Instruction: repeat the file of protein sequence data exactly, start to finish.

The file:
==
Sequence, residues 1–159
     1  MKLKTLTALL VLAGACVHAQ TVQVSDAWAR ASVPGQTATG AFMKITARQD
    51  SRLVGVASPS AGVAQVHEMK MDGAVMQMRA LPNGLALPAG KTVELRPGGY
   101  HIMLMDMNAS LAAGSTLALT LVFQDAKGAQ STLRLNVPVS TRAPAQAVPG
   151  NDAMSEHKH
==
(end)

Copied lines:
Sequence, residues 1–159
     1  MKLKTLTALL VLAGACVHAQ TVQVSDAWAR ASVPGQTATG AFMKITARQD
    51  SRLVGVASPS AGVAQVHEMK MDGAVMQMRA LPNGLALPAG KTVELRPGGY
   101  HIMLMDMNAS LAAGSTLALT LVFQDAKGAQ STLRLNVPVS TRAPAQAVPG
   151  NDAMSEHKH